(By my count, that it more than “one way” – but never mind.)

Frost is not the only rightwing Tory putting pressure on Rishi Sunak ahead of the votes on the Rwanda bill tomorrow and on Wednesday.

Lee Anderson, the Conservative party deputy chair, has reportedly said he will vote for the rightwing rebel amendments, as Aletha Adu reports here.

The Times quotes an MP who has spoken to Anderson as saying: “He has said to the whips that he will definitely vote for the amendments and that either the government must support them or lose him as deputy chairman.”

And, in the Times, Matt Dathan and Oliver Wright say Kemi Badenoch, the business and trade secretary, has told No 10 that she agrees with the rebels in wanting to amend the bill to limit the ability of asylum seekers to lodge individual appeals against orders deporting them to Rwanda. They say:

The Times also understands that Badenoch, the business secretary, urged the prime minister to harden up the legislation by stopping migrants lodging individual appeals against their deportation. She met Liam Booth-Smith, Sunak’s chief of staff, in No 10 last month to warn of the political consequences of failing to block individual legal challenges.

A source said: “Kemi was aware that the prime minister faced a serious rebellion and he had to try and accommodate them, so she went in to see Liam. She was trying to avoid the rebel MPs turning against the government.”

Badenoch is understood to have argued in favour of limiting individual appeals being lodged by migrants to only the most exceptional of circumstances.

Badenoch is the clear favourite to be the next Conservative leader, and it must help her chances for members to know that she sides with the rebels on this issue (even if there is no suggestion that she will rebel, or resign, over the issue).

Kemi Badenoch
Kemi Badenoch Photograph: Wiktor Szymanowicz/REX/Shutterstock

UK ‘will wait and see’ before deciding on further Houthi strikes, Shapps says

The UK has no interest in taking part in any wider conflict in Yemen but is “waiting to see what happens” before deciding whether further military strikes against Houthi forces might be needed, Grant Shapps, the defence secretary, has said. Peter Walker has the story.

Without Reform UK standing in election, Labour would fail to win majority, Telegraph polling report claims

Here is an extract from Gordon Rayner’s Telegraph splash reporting the YouGov MRP polling findings.

Although the publication of the poll seems primarily intended to pressurise Rishi Sunak into adopting a toughter stance on the Rwanda bill (see 9.29am), the Tories behind it may be hoping it encourages Richard Tice, the Reform UK leader, to think twice about his pledge to stand candidates in every constituency in Britain. The Telegraph says its analysis of the polling suggests, without Reform UK on the ballot, Labour would fail to win a majority.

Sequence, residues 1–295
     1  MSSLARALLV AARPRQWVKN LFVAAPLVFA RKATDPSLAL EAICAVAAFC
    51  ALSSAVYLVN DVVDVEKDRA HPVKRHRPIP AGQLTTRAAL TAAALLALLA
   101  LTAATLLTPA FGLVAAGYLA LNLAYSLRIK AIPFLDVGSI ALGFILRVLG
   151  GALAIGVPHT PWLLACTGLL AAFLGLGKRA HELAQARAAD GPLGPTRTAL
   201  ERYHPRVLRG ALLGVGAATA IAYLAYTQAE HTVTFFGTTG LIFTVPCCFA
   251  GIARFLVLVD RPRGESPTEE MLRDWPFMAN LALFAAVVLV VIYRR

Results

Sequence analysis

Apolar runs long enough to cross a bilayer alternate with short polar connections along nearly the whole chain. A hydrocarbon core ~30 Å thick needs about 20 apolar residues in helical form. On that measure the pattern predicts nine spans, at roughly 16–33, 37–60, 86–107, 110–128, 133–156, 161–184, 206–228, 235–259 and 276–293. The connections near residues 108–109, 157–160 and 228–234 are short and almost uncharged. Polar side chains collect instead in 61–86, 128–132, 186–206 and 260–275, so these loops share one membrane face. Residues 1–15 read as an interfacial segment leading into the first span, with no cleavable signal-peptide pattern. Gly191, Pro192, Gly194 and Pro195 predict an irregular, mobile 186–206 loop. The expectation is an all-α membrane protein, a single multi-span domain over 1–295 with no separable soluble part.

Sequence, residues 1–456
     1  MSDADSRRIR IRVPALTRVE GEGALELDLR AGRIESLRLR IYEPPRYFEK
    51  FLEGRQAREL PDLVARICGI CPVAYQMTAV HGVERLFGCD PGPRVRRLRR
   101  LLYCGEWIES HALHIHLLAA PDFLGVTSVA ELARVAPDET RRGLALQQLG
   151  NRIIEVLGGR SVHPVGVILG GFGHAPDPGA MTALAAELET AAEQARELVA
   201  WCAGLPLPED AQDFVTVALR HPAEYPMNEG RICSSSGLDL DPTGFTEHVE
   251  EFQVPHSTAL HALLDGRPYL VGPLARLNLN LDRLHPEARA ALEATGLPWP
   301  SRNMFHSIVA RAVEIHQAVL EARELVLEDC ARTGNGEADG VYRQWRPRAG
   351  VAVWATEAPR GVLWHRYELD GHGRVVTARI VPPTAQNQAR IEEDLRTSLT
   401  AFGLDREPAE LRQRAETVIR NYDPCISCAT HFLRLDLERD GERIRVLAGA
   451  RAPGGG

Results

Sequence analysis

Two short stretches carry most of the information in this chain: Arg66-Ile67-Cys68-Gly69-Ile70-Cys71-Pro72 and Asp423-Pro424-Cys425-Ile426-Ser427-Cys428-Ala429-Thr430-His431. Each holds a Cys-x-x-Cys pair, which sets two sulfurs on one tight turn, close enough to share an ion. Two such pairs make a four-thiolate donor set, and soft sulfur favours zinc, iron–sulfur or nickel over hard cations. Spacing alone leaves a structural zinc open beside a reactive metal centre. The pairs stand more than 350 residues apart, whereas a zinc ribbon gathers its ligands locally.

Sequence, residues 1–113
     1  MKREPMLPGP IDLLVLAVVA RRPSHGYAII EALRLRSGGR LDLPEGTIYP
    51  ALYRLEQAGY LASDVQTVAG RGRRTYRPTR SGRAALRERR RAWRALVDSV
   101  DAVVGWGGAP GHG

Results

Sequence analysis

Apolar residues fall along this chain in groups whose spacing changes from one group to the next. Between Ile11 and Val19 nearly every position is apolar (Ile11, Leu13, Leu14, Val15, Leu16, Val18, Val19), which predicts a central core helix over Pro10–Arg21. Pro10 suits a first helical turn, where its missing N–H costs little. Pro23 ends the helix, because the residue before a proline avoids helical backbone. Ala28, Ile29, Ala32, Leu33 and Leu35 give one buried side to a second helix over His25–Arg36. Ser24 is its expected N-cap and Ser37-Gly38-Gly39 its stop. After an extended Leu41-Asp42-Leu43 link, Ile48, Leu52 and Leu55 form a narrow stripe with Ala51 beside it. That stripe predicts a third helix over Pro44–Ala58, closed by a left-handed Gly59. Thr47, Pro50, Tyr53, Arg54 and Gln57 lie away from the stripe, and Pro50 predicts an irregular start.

Rayner says:

The Conservatives are heading for an electoral wipeout on the scale of their 1997 defeat by Labour, the most authoritative opinion poll in five years has predicted.

The YouGov survey of 14,000 people forecasts that the Tories will retain just 169 seats, while Labour will sweep to power with 385 – giving Sir Keir Starmer a 120-seat majority.

Every Red Wall seat won from Labour by Boris Johnson in 2019 will be lost, the poll indicates, and the Chancellor, Jeremy Hunt, will be one of 11 Cabinet ministers to lose their seats …

The poll exposes the huge influence that Reform UK is set to have on the election result. The Right-wing party would not win any seats, but support for it would be the decisive factor in 96 Tory losses – the difference between a Labour majority and a hung parliament.

The result would be the biggest collapse in support for a governing party since 1906, with an 11.5 per cent swing to Labour.

And here are three of the Telegraph graphics illustrating the figures in the polling.

Electoral map after 2019 election, compared with after 2024 election as suggested by poll
Electoral map after 2019 election, compared with after 2024 election as suggested by poll Photograph: Telegraph/YouGov/Telegraph/ YouGov
How loss of seats might compare with previous Tory defeats
How loss of seats might compare with previous Tory defeats Photograph: Telegraph/ YouGov
Possible impact of Reform UK on election result, as suggested by polling
Possible impact of Reform UK on election result, as suggested by polling Photograph: Telegraph/ YouGov

UPDATE: YouGov says it does not agree with the Telegraph claim about Labour not being on course for a majority if Reform UK were to stand aside. (See 10.46am.)

Updated at 

Grant Shapps dismisses significance of Tory-backed poll suggesting Labour on course for landslide election win

Good morning. News organisations, including the Guardian, tend to be a bit wary of splashing on opinion polls. Polls are never 100% reliable, there is a good case for saying they constrain political reporting (because if journalists assume X can’t win, they don’t cover very seriously what X might do if they were to win), and in 2015, 2016 and 2017 most polls turned out in essence to be wrong, which delivered a big blow to the credibility of the industry.